At the mention of pain, Roadblock became aware of the burning in his abdomen and the stabbing of each breath. He grunted. He was G.I. Joe, he could take a little pain. He heard a click and seconds later the fire in his belly was quelled.

"I know my Boys," Nurse Maggie told him with her velvet glove that covered the iron hand. "Doc wants you to stay quiet just a while longer. He wants to put you through another MRI, to make sure we got all the shrapnel out. Now, don't jump, I am going to prick your finger." He felt the little needle and jumped a little, despite the warning. Seconds later he heard a beep. "It is all done. Doc will be with you in a few minutes."

Roadblock opened his eyes slowly, this time the room did not spin. He looked over to the other side of the room. Clutch was across the room, two beds down. His right leg was in some sort of traction.

"There is no way you can get out," Doc was saying. "You'll only injure yourself more and have to spend more time here. I'd hate to have to cut that leg off. It took me three hours to get all the bone pieces aligned again. If you don't tug at it, you'll fully recover without even a limp." Clutch grumbled sometime intelligible. "I'll ask Nurse Maggie to bring you something to do, if you are good and I can find a working TV, we'll set up the PS2."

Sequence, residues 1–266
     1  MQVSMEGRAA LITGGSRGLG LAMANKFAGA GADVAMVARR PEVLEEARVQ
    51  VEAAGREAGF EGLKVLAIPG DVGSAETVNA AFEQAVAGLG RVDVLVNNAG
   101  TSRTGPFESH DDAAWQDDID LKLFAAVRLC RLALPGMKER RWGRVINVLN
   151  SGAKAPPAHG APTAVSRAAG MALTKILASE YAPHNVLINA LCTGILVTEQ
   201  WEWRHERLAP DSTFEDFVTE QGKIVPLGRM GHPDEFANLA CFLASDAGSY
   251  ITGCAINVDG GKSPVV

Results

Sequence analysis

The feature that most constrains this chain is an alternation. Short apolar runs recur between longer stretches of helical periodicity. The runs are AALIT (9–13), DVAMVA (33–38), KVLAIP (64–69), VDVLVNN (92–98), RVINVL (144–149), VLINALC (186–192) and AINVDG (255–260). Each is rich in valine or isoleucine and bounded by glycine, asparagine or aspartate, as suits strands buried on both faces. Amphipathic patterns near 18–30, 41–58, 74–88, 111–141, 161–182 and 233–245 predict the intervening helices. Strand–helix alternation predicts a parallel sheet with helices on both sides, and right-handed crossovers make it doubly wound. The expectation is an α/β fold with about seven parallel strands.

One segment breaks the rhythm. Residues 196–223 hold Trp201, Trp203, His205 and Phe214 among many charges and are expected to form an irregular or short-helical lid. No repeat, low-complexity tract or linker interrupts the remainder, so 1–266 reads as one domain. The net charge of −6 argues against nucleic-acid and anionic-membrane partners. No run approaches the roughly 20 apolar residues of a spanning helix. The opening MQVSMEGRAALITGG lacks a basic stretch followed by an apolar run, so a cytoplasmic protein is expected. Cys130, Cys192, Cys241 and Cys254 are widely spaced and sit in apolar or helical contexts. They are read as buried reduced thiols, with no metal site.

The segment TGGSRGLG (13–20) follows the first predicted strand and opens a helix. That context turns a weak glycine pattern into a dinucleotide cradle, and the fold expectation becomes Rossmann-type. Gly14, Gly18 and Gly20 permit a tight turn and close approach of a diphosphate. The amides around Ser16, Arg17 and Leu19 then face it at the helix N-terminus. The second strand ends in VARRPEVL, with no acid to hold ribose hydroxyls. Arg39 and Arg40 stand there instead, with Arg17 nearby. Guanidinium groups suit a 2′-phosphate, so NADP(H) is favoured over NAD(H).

Clutch sighed. "Okay Doc."

Doc rose from the foot of Clutch's bed and came towards Roadblock. "Good to see you are back among us. How do you feel?"

"Nurse Maggie just dosed me," the larger man said, vaguely pointing towards the door where the nurse had left.

Doc pulled the isolation curtain around the bed, before he sat on the chair by it. He opened Roadblock's file. "I am not going to beat around the bush. That bullet and the shrapnel from the vest did a lot of damage to your insides. We had to take out part of your intestine and pancreas. We also had to sew up a large hole in your stomach. The good news is that by some miracle, both kidneys and liver appear to be intact." Doc spoke in a voice that was just low enough for Roadblock to hear and not carry beyond the curtain. "You'll be going through an MRI within the hour to see if I missed anything. You follow me so far?"